A couple of days ago, I posted about a large cross that has been sitting on the side of a road in Lake Elsinore, California in honor of a young man who died there a few years ago. The City Council repeatedly said they would remove the cross from public property… but they never did, leading the American Humanist Association’s Appignani Humanist Legal Center to send a letter warning them about the possible legal consequences for “selective enforcement of its signage ordinance”:
Yesterday, the young man’s mother Ann Marie Devaney told city officials she would take down the cross she put up nearly two years ago:
Ann Marie Devaney arrived at the site early Thursday to mourn her son, hours before she plans to remove the tribute.
“It’s so petty and sad that they have to complain over removing a cross,” said a tearful Ann Marie Devaney. “It’s his personal preference that he was Christian. What’s wrong with having a cross up?["]
Well… nothing’s wrong with that as long as you do it on private property, and no one was condemning the cross in the immediate aftermath of the tragedy out of respect for the family. But at some point, makeshift memorials like these become yet another way for Christians to establish their privilege — almost certainly, no Islamic or atheist symbol would have been allowed to stay up nearly this long. While people may complain that the AHA’s complaint was heartless, this was never about the mother. This was about city council members not doing their job and being held accountable for it.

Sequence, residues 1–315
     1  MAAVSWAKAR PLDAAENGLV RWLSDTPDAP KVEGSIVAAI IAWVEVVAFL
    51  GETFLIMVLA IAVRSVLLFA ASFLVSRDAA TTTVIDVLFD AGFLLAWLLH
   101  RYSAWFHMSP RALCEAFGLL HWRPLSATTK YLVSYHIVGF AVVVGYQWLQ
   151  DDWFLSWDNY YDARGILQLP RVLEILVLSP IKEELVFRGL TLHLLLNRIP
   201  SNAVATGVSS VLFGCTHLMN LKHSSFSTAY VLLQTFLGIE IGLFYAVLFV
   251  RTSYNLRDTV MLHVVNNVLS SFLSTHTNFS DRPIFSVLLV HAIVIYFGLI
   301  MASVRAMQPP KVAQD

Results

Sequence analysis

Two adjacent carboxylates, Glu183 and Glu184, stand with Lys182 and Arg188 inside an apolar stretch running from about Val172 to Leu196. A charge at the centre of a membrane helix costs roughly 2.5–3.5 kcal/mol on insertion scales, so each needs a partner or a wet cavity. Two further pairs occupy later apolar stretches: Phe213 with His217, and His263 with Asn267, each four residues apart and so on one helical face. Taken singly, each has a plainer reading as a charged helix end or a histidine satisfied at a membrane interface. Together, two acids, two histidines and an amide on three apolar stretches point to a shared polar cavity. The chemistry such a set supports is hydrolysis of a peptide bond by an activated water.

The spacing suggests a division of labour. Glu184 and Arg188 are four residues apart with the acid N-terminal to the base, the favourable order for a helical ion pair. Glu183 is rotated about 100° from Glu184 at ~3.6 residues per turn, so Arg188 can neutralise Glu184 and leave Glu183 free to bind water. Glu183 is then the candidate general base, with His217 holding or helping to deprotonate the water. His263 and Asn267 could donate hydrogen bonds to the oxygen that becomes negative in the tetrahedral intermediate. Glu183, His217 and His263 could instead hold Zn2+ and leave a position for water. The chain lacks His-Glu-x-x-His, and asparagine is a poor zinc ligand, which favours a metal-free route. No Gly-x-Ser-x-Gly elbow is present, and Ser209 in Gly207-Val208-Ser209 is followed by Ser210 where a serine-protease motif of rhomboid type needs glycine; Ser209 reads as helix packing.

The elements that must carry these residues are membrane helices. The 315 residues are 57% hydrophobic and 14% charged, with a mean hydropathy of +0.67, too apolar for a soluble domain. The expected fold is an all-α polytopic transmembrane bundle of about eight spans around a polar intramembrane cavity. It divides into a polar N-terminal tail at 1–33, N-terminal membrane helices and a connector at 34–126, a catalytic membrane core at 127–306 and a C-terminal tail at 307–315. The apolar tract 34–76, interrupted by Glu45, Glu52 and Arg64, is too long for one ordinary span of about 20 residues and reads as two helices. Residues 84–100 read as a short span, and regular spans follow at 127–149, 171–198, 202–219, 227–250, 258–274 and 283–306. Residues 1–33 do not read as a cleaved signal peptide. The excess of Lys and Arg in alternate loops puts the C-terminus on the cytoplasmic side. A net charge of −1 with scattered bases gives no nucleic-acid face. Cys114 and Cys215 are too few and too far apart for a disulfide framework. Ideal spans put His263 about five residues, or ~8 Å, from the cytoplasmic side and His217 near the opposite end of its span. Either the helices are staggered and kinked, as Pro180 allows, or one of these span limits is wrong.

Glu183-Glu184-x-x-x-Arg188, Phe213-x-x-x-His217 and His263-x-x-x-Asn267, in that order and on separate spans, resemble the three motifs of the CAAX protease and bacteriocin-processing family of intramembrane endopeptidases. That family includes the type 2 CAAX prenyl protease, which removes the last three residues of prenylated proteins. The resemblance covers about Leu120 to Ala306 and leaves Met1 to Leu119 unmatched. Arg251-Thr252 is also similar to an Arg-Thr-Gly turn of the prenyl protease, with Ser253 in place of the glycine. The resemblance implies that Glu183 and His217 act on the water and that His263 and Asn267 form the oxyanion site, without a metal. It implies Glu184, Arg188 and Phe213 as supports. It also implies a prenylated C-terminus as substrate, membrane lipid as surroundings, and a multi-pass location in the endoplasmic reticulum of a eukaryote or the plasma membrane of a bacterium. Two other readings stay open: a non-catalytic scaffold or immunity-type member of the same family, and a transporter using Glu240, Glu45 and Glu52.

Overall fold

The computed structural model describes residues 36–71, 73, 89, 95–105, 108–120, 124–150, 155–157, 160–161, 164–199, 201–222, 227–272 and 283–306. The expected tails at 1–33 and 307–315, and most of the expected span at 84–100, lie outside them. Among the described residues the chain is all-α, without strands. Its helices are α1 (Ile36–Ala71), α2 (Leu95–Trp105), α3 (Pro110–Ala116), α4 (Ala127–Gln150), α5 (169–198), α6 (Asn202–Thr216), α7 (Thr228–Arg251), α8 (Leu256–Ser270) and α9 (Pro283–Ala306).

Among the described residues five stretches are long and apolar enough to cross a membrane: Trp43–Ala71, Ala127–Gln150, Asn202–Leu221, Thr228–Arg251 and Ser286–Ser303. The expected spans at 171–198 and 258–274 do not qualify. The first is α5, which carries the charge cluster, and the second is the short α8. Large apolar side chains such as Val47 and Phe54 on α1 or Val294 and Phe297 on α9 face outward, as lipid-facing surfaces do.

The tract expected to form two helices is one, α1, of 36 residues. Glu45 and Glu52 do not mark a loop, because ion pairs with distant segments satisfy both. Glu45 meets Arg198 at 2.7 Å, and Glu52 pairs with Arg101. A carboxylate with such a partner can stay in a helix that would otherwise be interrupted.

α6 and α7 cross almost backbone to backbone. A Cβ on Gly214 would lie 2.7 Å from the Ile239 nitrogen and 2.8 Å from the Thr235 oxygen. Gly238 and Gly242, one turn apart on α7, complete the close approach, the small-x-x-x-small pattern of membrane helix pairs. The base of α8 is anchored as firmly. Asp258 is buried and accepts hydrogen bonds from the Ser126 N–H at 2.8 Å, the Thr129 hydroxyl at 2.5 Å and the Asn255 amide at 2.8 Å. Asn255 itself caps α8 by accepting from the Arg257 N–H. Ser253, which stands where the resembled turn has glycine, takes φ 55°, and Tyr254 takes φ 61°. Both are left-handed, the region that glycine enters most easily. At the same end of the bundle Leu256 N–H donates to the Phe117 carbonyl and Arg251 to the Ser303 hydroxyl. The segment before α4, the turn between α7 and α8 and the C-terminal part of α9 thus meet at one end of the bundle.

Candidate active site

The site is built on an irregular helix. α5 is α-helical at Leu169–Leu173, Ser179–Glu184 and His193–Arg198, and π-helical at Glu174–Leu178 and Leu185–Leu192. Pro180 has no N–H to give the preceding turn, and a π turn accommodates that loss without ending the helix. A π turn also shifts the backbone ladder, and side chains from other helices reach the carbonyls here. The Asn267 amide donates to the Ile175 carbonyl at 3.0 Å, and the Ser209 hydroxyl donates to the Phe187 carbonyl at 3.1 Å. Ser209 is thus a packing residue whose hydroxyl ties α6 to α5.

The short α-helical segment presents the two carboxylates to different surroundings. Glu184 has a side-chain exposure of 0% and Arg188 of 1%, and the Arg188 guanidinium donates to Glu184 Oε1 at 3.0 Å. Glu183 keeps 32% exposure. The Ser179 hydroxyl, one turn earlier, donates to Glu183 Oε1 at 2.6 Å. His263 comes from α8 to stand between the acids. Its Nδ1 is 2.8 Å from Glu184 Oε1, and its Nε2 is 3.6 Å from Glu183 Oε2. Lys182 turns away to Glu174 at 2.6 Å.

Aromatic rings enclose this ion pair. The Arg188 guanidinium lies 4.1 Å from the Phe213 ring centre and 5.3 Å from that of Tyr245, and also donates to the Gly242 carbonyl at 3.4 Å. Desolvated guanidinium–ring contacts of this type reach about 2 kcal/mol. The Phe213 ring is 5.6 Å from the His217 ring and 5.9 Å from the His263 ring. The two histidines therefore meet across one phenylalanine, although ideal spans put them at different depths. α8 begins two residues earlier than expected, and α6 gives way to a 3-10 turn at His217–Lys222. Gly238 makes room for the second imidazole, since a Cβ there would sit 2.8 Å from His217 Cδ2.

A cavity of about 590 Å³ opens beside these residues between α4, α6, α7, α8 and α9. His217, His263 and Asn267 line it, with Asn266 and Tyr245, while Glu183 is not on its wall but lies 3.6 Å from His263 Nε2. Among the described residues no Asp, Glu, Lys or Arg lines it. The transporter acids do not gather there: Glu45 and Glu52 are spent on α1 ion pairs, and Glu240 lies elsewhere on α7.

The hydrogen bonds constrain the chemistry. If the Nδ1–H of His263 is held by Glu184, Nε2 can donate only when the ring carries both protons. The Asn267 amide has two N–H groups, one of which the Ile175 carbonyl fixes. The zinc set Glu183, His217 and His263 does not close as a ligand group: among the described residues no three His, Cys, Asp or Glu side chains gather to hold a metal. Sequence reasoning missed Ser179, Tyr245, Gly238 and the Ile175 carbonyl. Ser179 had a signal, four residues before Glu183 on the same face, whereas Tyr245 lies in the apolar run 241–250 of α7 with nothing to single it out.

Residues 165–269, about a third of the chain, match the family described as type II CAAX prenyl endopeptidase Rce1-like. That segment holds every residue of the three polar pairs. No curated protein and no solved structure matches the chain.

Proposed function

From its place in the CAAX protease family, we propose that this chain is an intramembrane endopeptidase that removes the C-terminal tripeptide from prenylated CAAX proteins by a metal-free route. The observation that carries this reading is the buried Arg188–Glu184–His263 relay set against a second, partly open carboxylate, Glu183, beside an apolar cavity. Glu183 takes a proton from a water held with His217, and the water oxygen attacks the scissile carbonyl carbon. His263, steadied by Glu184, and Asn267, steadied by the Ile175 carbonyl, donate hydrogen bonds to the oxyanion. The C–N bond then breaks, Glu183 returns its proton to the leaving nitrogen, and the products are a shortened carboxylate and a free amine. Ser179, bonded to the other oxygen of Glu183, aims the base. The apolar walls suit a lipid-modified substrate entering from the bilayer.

The cross will be moved to the Devaneys’ backyard, which I think is a fair solution. No one is suggesting that Anthony be forgotten and there are many ways to honor his legacy besides a religious roadside memorial.